Dutch rail traffic shut down over train control telephone outage; Limited restart could begin at 7 p.m.
This story was updated as more information became available.
Most train traffic in the Netherlands ground to a halt on Thursday evening due to a telecommunications failure at the traffic control posts, national Dutch railway NS confirmed on its website. The failure with the telephone system meant that "very limited train traffic is currently possible," NS said just before 6 p.m.
"Due to a telephone outage, we cannot reliably communicate with the drivers on the trains. As a result, train traffic in the country has come to a standstill," said railroad infrastructure firm ProRail.
The complete disruption lasted about an hour, when some trains could begin moving again. The resumption of the train schedule was expected to happen gradually, causing delays through the evenings, ProRail said. The organization and NS both advised passengers not to travel Thursday night if possible, and to pay close attention to online travel planners before going to a train station.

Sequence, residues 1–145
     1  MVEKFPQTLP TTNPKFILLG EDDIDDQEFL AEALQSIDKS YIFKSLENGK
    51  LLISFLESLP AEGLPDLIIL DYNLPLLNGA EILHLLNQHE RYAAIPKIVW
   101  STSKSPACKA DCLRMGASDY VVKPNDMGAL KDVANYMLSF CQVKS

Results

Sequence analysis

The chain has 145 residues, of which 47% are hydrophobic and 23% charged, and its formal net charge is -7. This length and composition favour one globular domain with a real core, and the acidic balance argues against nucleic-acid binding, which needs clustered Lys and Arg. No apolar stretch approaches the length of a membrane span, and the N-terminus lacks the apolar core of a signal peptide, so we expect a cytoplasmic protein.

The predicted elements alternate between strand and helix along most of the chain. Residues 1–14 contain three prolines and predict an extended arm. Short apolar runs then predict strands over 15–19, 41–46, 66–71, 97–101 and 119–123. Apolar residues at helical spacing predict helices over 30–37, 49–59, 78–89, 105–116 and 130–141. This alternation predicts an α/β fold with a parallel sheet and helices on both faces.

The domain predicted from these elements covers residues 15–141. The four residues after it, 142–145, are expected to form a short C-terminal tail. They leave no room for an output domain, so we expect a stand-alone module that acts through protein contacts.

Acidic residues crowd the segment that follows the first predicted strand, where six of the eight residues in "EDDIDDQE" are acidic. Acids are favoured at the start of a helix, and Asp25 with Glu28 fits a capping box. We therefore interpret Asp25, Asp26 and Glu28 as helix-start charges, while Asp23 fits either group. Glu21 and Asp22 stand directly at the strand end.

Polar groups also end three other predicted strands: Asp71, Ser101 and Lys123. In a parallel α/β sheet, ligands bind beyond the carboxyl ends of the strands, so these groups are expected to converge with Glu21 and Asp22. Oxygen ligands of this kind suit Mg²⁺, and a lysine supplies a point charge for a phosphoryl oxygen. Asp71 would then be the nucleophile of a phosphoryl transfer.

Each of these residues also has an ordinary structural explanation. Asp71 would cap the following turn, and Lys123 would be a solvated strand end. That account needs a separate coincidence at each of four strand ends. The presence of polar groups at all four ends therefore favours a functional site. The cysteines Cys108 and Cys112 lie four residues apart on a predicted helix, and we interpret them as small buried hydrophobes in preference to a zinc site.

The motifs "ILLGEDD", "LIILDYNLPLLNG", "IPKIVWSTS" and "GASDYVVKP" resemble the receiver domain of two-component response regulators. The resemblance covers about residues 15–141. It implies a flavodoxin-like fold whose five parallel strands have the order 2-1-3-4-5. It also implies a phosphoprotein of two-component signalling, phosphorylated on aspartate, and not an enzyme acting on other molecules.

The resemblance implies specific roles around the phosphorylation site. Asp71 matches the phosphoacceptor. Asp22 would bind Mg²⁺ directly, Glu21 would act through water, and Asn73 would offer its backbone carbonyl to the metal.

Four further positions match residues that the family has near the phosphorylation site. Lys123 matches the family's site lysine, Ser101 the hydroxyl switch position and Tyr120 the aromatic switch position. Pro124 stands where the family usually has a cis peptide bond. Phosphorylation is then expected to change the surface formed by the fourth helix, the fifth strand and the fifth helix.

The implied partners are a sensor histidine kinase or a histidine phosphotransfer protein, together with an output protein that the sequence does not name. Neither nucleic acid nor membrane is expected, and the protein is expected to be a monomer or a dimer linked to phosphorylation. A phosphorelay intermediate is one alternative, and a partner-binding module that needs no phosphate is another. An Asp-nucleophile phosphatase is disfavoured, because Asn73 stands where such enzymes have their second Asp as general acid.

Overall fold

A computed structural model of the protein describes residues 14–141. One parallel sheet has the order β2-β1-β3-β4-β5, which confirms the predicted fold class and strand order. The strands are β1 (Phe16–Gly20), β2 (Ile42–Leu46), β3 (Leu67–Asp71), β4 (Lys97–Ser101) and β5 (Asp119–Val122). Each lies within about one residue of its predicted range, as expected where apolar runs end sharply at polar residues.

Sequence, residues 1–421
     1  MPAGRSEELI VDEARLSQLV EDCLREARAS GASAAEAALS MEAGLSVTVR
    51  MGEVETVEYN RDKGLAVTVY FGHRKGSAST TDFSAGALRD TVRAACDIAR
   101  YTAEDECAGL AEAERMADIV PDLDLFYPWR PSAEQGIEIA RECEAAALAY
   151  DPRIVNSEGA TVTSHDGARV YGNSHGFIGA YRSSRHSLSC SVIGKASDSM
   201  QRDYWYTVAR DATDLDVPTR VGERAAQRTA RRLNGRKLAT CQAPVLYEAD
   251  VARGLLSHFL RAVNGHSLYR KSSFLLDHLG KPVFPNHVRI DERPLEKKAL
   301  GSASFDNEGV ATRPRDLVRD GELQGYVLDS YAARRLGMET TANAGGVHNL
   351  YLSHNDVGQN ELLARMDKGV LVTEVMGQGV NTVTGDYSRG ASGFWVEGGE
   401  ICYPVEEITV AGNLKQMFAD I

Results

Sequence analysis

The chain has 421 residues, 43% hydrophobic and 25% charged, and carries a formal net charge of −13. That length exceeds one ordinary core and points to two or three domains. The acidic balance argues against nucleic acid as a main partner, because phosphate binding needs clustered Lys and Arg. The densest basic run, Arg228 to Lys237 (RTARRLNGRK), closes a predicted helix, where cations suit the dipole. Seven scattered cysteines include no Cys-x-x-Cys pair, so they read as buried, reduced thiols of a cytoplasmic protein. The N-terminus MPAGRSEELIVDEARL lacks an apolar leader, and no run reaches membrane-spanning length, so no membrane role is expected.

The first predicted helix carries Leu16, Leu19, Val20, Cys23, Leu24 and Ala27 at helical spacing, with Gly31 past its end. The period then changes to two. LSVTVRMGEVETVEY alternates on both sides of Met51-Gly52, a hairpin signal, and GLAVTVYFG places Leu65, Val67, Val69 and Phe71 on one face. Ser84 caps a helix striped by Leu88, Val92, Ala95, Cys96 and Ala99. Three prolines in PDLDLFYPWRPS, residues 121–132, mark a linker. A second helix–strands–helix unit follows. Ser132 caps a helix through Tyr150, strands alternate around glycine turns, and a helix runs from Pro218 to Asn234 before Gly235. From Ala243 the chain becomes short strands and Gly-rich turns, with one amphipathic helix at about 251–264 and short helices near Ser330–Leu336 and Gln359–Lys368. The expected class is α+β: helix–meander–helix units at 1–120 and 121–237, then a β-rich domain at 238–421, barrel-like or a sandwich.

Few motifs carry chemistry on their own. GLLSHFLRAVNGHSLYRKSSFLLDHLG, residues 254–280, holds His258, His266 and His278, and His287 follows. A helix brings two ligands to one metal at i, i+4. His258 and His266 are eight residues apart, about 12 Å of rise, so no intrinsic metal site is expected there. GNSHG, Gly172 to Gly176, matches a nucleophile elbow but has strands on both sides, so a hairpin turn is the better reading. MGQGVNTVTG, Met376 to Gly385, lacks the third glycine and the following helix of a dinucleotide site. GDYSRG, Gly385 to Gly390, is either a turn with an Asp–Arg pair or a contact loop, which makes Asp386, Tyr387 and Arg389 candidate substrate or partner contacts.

Several people took to social media platforms to express their disappointment with the shutdown. "Haven't been on a train in a year and a half. How I didn't miss this," said NRC journalist Bart Funnekotter on Twitter.
Ga je voor het eerst sinds anderhalf jaar weer eens met de trein, wordt ‘ie halverwege de reis geëvacueerd 🤭 pic.twitter.com/yDJQ7mgOCp— Raymond Mens (@raymondmens) September 16, 2021
In that case, the dedicated wireless network, GSM-R, failed. The system, known as Global System for Mobile Communications - Railway, is used across Europe. The network was designed exclusively for the railways using 3G mobile phone technology, which also allows trains to transmit data about speed and location.
At the time of the May incident, Coen van Kranenburg of ProRail said that brief interruptions happened from time to time, but never such a major failure of the GSM-R system. "It is an incredibly stable network, with which there are rarely problems and which rarely breaks down," he told NOS.
Back in May, ProRail said that communication between train controllers and engineers is "essential for a safe timetable."